Hermiston coach Justin Simmons said it has been difficult to keep his Little League team engaged this past month in waiting for the 9-10-11-year-old state tournament, but with its first game approaching Saturday, the team is ready to go.
“It was hard to take that much time off,” said Simmons, whose team won the District 3 title June 26 with a 4-1 win over Pendleton. “We would go hard for two or three days, then let them have a four-day weekend to let them be kids in the summer.”
Hermiston will open play at 9:30 a.m. Saturday against Southeast Portland in Klamath Falls.
Other first-round games include Lake Oswego vs. Hollywood-Rose City, Bend North vs. Sprague, and host Klamath Falls vs. Grants Pass National.
The opening ceremonies are at 5 p.m. today.
The Hermiston team has been together for two years and Simmons said team chemistry is one of its strengths.
“They are really tight and they genuinely care about each other,” Simmons said. “They care about baseball and doing Hermiston proud.”
There are no superstars on the Hermiston team, according to Simmons. In fact, not one player has a home run to his credit.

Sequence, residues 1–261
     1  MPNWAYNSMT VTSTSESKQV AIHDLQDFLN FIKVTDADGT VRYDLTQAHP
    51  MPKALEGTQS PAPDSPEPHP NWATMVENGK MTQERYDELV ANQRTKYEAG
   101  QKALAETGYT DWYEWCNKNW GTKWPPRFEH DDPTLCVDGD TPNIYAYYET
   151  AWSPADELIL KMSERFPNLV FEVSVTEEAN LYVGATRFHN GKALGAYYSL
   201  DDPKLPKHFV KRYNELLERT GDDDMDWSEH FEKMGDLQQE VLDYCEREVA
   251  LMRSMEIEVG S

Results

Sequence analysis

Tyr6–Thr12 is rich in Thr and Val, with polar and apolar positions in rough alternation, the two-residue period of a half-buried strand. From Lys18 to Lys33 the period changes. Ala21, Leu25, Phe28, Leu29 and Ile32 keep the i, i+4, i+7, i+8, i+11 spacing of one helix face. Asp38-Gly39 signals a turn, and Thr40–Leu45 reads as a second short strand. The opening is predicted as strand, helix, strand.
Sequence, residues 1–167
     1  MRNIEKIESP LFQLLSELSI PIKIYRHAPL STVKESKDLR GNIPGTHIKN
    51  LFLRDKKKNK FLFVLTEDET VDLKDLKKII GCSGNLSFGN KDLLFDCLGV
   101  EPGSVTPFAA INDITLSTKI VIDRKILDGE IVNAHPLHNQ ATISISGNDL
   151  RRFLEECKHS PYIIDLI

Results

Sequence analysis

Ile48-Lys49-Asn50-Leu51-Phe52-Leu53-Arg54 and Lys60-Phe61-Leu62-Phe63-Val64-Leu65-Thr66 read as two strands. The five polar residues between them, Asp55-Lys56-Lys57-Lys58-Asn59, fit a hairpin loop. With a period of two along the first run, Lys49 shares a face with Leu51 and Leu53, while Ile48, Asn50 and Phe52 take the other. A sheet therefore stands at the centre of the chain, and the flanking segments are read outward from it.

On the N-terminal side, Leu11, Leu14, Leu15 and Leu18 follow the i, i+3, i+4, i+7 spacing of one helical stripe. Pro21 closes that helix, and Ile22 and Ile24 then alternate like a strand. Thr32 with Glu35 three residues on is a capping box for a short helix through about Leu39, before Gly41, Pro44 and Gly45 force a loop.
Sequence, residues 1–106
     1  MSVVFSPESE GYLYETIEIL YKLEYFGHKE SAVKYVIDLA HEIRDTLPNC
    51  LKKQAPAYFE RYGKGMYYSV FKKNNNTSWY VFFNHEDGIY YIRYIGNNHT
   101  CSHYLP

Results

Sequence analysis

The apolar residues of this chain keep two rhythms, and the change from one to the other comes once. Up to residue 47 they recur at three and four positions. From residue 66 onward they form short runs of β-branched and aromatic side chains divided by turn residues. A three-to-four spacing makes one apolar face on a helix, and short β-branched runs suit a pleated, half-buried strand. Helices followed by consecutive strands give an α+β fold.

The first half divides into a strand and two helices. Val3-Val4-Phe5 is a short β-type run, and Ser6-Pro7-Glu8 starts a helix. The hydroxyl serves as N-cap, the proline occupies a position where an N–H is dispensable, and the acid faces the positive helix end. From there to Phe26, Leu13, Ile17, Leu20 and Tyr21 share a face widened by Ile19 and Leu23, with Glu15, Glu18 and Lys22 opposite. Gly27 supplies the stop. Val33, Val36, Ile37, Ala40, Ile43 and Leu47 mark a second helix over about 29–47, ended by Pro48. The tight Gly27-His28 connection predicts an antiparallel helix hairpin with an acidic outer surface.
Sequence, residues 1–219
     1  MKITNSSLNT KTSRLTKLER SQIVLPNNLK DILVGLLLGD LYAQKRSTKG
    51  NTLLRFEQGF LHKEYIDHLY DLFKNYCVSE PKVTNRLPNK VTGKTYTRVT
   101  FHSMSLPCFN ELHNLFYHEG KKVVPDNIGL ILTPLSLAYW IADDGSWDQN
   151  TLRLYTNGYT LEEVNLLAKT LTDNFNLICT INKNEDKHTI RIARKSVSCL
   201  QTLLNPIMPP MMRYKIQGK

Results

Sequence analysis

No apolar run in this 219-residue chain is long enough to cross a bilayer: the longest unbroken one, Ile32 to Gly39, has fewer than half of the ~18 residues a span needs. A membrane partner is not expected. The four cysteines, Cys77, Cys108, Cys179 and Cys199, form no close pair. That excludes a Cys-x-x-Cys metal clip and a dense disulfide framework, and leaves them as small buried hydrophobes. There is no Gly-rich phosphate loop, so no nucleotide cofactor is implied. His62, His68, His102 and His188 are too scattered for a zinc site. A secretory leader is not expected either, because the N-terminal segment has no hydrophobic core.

“We have a bunch of utility players,” Simmons said. “They can play anywhere, and they all are a vital part of our team.”
Like most baseball coaches, announcing a starter was not something Simmons was ready to do just yet.
“We have four guys, that if they are on the hill, we have our best games. Our horse on the mound is Ryder Wilson. In big games, if Ryder pitches well for us, we have a bit more of an edge.”
Though the tournament is for 9-11 year olds, the Hermiston team has no 9-year-olds on its roster.
“We rely on our 11-year-olds to set the pace,” Simmons said. “They take the lead and the rest of the team follows.”
Simmons, a graduate of Hermiston High School, shares coaching duties with Blake Philippi, a graduate of Riverside High School, and Kirby Warner, who graduated from Crook County.
“They are good friends,” Simmons said. “Kirby and I played baseball together at Lane Community College. It’s awesome to have a group of coaches who care about the team and the game as much as I do.”